Breakthroughs

I’m realizing lately that theology majors can be real jerks.  I’ve noticed this about myself.

But today, I think I had a good breakthrough.  I was talking to my friend–we’ll call her Lindsey–about life and passion and things, and somehow we got around to some of the differences between our personality types and such.  She’s really the kindest and most genuine girl you’ll ever meet.  Anyway, the substantive content of the conversation as I remember it was:

“Yeah, Lindsey, but I mean theology is something that we all do whether we like it or not.  Everybody, whether explicitly or not, has a set of beliefs which inform the way they think and act . . . ”

“Well yeah, Mike, but honestly, I just don’t care [about theology].  I care about people.

“So what you’re telling me is that you believe that the Holy Spirit can move through people to teach us something about God?”

I know it doesn’t sound that clever, but you should have seen the look on her face.  My favorite moments in life are watching someone learn something knew that gives them a complete paradigm shift.  She had just never thought of it that way before.  Turns out that that’s exactly what she believed, but what she didn’t realize was that emanating from her love of people, or perhaps lurking behind it, was a theological assertion (though she would never call it that) that human beings are instruments of God’s grace and truth.

“Well yeah!  Theology is not what you think, Lindsey, it’s what you do.  People do theology every day in the decisions they make, in their words and in their actions, in where they decide to live, in who they decide to love–everything.”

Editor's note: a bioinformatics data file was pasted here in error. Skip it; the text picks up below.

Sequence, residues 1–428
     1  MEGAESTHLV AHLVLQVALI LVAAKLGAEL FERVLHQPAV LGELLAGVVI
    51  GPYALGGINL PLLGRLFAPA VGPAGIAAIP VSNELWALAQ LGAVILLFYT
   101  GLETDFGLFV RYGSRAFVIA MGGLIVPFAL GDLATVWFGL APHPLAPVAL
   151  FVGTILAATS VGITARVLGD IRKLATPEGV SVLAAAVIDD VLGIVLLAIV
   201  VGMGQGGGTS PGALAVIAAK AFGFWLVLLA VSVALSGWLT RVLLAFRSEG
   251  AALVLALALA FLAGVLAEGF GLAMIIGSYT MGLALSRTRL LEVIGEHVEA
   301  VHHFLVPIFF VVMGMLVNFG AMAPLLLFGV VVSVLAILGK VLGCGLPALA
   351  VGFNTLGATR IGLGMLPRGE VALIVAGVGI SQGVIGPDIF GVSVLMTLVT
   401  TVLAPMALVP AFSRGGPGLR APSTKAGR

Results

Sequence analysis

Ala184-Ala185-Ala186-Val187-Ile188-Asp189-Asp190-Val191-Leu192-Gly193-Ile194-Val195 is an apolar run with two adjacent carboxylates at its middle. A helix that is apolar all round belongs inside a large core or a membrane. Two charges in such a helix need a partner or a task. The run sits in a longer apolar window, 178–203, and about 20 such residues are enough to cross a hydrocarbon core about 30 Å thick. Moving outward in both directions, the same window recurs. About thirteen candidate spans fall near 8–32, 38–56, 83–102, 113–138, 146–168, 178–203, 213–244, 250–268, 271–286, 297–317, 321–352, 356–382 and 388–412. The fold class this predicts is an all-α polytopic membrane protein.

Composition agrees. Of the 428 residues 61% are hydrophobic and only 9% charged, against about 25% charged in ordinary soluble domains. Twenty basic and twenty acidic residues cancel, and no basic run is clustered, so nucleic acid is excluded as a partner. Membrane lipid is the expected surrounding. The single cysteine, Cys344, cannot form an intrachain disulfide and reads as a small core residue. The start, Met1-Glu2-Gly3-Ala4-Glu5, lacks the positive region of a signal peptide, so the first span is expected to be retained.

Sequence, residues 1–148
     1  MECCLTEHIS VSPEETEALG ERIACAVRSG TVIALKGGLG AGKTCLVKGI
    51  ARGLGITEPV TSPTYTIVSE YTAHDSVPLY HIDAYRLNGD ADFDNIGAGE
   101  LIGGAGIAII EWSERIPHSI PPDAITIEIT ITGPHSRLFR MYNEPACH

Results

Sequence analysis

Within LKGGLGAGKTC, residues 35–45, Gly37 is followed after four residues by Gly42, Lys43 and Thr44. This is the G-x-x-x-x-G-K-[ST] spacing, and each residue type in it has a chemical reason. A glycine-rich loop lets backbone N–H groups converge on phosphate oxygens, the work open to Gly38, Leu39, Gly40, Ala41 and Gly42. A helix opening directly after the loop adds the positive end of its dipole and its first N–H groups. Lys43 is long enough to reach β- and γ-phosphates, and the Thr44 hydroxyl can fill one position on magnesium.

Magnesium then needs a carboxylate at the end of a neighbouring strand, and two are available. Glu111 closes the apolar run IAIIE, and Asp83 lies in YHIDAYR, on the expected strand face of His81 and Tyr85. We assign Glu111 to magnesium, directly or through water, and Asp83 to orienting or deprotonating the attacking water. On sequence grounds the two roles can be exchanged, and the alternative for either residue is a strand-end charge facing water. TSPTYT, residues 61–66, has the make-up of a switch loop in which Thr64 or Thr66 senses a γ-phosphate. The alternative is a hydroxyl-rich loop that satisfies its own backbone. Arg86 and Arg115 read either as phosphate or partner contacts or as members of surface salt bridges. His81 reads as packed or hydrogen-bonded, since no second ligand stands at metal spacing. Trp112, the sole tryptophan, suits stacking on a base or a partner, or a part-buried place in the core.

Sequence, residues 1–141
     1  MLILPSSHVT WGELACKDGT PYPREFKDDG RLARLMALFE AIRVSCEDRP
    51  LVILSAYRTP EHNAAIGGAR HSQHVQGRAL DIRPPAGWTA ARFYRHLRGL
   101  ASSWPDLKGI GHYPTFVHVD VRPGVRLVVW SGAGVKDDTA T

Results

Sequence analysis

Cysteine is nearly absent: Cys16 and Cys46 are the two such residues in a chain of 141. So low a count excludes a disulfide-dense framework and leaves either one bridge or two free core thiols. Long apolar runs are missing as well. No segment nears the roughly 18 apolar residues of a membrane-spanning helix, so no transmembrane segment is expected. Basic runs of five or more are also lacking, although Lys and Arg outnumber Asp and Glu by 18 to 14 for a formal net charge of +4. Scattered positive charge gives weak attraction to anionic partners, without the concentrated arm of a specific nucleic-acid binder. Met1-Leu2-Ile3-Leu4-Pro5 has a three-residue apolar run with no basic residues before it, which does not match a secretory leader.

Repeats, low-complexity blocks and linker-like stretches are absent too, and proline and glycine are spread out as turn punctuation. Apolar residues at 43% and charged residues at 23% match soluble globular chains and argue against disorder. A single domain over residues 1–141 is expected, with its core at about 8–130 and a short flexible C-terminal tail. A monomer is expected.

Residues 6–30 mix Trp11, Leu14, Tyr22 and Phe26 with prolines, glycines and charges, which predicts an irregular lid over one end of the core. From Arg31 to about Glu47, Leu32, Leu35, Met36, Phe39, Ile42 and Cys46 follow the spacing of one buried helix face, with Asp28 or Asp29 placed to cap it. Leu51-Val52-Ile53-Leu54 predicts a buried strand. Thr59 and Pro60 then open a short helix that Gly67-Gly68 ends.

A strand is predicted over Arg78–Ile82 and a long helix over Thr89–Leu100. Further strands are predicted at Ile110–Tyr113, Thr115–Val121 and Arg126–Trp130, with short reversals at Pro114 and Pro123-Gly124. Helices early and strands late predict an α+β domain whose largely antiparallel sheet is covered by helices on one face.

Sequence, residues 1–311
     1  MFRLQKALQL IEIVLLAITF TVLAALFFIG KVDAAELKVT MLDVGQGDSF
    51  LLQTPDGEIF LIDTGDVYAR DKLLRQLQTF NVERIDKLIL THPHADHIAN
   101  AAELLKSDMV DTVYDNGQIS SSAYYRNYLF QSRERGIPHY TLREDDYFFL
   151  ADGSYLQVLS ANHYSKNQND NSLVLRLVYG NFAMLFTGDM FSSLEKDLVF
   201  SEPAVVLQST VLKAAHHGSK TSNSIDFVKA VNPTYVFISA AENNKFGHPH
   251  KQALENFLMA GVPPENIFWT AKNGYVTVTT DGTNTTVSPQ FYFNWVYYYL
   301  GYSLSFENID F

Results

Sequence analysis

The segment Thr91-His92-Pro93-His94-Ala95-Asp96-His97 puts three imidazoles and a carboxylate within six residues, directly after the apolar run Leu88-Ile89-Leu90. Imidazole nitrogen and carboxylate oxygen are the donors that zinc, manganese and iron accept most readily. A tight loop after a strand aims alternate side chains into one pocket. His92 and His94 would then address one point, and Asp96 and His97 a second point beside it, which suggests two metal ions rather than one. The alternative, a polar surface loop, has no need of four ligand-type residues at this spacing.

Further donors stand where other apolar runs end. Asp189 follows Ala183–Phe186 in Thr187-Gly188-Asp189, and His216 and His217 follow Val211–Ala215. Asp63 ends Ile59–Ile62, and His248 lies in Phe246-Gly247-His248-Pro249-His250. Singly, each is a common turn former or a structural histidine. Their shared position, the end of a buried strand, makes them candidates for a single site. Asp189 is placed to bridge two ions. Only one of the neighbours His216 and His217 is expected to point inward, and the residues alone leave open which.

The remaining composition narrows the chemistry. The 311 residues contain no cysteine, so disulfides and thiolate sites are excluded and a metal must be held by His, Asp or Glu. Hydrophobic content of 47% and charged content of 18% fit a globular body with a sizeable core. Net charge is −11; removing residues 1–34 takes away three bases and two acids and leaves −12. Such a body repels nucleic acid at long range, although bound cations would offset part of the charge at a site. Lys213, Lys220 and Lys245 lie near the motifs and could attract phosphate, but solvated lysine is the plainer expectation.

May this be a reminder to myself especially: true theology is not known, it is performed.  What I believe is not what I say I believe: what I believe is what I do.

Hmm.  Maybe I’m learning something useful after all.

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3 Responses to Breakthroughs

  1. ben adam says:

    Dammit, I feel like I’ve been trying to say this for years. Well said.

  2. fin says:

    aren’t you kind of blurring the lines between theology and philosophy though? this is assuming there is a line between them, which is WAY debatable, but for our purposes, let’s just go ahead and suppose there is. i wouldn’t say i have any theology. i have philosophy perhaps, and it’s fluid, but theology assumes a sort of mysticism that is absent in the ideals that inform my decisions.
    this is teetering on the brink of becoming a religious-secular divide in terms of what you call the very same thing that makes you act the way you do…but i’m open to a different answer.

  3. ben adam says:

    Philosophy means literally “The Love of Wisdom”. Of course with this in mind, we must ask what is wisdom for. Wisdom is for action, and wisdom is for knowing how to do what is right, profitable, not bad, etc. Therefore, what determines action is achieved or attained wisdom. Similarly, in theology, our beliefs about G_d inform our actions. For example, people believe G_d led the Israelites out of Egypt, therefore they celebrate passover; people believe Jesus loved the outcasts so they work in a homeless shelter. Should we be surprised when theologies and philosophies overlap in action? No but we must accept the fact that the rudimentary basis of philosophy is “Know thyself” and the rudimentary basis of theology is “Love the other” (other=G_d, neighbor, stranger, and enemy). This is where they diverge. Philosophy seeks the well-being of the self; theology–when practiced correctly–seeks the well being of the other.

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